Nordseewerke, which produces Statue of Liberty-sized foundations for ocean wind turbines, ramped up its manufacturing capacity and head count in 2011 after Merkel declared that Germany would begin a massive project to install 25,000 megawatts of offshore wind power by 2030. More than two years later, Germany wind farms have been slow to appear, stymied by the difficulty of planting towers in deep ocean waters, an outmoded electrical grid and investors who are losing faith in the project. The delays hammered 110-year-old Emden-based Nordseewerke, which filed for bankruptcy before DSD Steel Group GmbH bought it in February, retaining only a third of its 750 employees.
In December, at a summit for her Christian Democratic Union in Hanover, she said that the 550 billion euro ($717 billion) effort is the most ambitious, complex and difficult project in Germany’s future.
“If Germany succeeds, it could be a role model for economies all over the world,” says Claudia Kemfert, who heads the energy unit at the DIW economic institute, a research group, in Berlin. “If it fails, it will be a disaster for Germany’s politicians, society and economy.”
Merkel’s subsidies to renewable-energy producers are fueling runaway electricity costs and posing a threat to the stagnant German economy. Consumers pay for the subsidies through a surcharge on their bills. The fee had surged 47 percent on Jan. 1 from a year earlier. In three years, it had more than doubled.
The Bundesbank, Germany’s central bank, said in December that it expects the economy to expand by as little as 0.4 percent in 2013 as the three-year sovereign-debt crisis continues to exact a toll on exports. German industry has been hit hard by power prices, which in 2012 were about 40 percent higher than in France and the Netherlands, according to a February report by the Cologne-based IW economic institute, a research organization.
Merkel’s expansion plan requires companies to add about 5,000 sea-based turbines by 2030 — an effort that’s been dogged by technical stumbles. To build the wind farms, ships carry steel foundations for turbines from the port of Bremerhaven to about 125 kilometers (78 miles) offshore, where cranes lower the 550-ton structures onto the seabed. They will support windmill towers taller than the Great Pyramids of Giza as part of a giant renewable-power plant in the middle of the North Sea.
Completion of the North Sea wind farm and at least four others has been delayed as crews grapple with the demands of installing equipment in seawater as deep as 40 meters (130 feet). And grid operator TenneT TSO GmbH has warned it wouldn’t be able to connect several wind farms under construction to the mainland network on time, citing problems with transformer stations. These setbacks have caused the nation’s second-biggest utility, RWE AG (RWE), and Denmark’s Dong Energy A/S to delay investments in new offshore wind farms in Germany.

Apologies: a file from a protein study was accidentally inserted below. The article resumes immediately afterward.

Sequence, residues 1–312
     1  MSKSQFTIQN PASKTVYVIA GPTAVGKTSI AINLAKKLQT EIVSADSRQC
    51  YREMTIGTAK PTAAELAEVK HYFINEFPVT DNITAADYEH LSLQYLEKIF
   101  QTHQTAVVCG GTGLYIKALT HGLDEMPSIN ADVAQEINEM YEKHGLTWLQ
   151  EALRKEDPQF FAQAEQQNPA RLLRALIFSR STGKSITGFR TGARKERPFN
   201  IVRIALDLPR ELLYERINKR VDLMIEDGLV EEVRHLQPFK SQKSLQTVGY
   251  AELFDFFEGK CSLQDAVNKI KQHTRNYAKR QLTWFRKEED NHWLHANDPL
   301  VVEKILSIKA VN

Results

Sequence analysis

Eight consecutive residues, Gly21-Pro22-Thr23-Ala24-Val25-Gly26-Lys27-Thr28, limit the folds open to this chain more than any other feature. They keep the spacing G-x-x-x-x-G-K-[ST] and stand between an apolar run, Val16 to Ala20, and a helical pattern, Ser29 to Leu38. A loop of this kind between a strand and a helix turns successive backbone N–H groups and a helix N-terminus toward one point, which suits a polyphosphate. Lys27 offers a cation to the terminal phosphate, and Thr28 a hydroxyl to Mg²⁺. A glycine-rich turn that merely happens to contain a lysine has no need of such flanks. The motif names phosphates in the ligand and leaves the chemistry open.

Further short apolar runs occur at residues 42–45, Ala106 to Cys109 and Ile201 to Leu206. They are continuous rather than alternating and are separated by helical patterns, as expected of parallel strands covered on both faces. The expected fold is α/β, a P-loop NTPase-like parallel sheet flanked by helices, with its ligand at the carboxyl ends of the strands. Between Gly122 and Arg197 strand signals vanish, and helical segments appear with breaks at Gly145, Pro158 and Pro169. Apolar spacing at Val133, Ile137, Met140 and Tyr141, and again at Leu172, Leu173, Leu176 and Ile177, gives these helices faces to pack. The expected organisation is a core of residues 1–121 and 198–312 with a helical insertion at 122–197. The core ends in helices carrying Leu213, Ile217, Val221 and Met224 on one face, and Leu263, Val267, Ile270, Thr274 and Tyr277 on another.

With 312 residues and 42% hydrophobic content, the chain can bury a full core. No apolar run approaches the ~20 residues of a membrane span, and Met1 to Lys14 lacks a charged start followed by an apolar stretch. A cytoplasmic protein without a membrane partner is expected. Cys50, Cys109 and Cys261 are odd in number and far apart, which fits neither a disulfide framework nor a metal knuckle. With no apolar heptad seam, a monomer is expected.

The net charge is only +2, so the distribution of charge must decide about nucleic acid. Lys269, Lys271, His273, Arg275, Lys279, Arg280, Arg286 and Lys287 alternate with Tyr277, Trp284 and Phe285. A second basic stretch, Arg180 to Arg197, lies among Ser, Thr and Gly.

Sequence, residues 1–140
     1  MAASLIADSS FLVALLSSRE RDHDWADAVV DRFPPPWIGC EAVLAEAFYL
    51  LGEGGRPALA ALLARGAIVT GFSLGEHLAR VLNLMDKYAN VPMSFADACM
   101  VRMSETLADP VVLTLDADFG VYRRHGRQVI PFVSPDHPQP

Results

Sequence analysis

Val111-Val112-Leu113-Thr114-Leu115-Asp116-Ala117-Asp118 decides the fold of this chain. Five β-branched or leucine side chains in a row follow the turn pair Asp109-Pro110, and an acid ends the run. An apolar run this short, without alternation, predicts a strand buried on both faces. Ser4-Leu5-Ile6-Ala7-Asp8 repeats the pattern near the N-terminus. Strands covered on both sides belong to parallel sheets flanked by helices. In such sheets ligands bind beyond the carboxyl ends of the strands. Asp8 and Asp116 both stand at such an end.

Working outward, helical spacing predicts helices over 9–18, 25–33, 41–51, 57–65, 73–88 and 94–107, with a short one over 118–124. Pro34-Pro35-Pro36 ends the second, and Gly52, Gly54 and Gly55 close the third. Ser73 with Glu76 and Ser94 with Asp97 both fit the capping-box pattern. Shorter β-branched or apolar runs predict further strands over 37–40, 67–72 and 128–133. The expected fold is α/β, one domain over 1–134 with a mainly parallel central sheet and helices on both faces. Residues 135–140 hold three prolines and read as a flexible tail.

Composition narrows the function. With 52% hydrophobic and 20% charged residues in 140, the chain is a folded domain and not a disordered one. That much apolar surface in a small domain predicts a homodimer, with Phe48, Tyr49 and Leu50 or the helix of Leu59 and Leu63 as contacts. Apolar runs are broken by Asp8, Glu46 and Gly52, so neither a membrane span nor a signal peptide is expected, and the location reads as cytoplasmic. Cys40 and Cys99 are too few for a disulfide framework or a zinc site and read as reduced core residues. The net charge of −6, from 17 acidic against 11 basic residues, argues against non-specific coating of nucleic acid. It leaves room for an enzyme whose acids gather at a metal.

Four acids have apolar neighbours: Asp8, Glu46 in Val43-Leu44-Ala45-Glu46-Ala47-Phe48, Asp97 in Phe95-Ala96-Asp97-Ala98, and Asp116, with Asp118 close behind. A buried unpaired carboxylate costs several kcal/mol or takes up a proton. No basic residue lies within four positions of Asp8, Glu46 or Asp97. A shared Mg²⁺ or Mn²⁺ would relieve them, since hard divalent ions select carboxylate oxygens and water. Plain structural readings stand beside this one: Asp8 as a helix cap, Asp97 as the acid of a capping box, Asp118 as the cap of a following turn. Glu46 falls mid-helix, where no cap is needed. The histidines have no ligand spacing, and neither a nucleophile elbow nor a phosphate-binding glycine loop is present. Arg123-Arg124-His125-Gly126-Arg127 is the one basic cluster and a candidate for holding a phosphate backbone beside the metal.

It’s part of an effort to construct three north-south so- called power autobahns to ship electricity. Within a decade, Germany aims to build or upgrade some 5,700 kilometers of power lines, the distance from London to Kabul. As of August, 15 of 24 grid projects identified as key by the government were behind schedule, mainly because of public opposition to construction projects in neighborhoods.
If reactors close before the grid improvements are completed and no new fossil-fuel stations are added, Germany could suffer blackouts, Bavarian Economy Minister Martin Zeil said in February.
“We’re not yet where we want to be,” Merkel told business leaders in February in Mainz. Eager to prevent a voter backlash in September, Merkel has pledged to contain power prices. The government has increased cuts to clean-energy subsidies during the past three years, and Altmaier in January proposed freezing the related surcharge to consumers in 2014 at the current level.
He said any increase thereafter should be limited to 2.5 percent a year. If the government can control prices, Merkel said, other countries will follow Germany into renewable energy, giving the economy a chance to create a new export industry.
“It’s not just Merkel’s reputation that’s at stake here,” Eurasia Group’s Nickel says. “Germany wants to be a leader in exporting these green technologies around the world. But if the project doesn’t work at home, then no one will copy it.”
Meanwhile, Marutz of Nordseewerke is losing patience with government officials who say the wind farm mess will be fixed.
“We’re still being told that installations will pick up,” he says, “but the question is when.”
Brian Wang is a Futurist Thought Leader and a popular Science blogger with 1 million readers per month. His blog Nextbigfuture.com is ranked #1 Science News Blog. It covers many disruptive technology and trends including Space, Robotics, Artificial Intelligence, Medicine, Anti-aging Biotechnology, and Nanotechnology.
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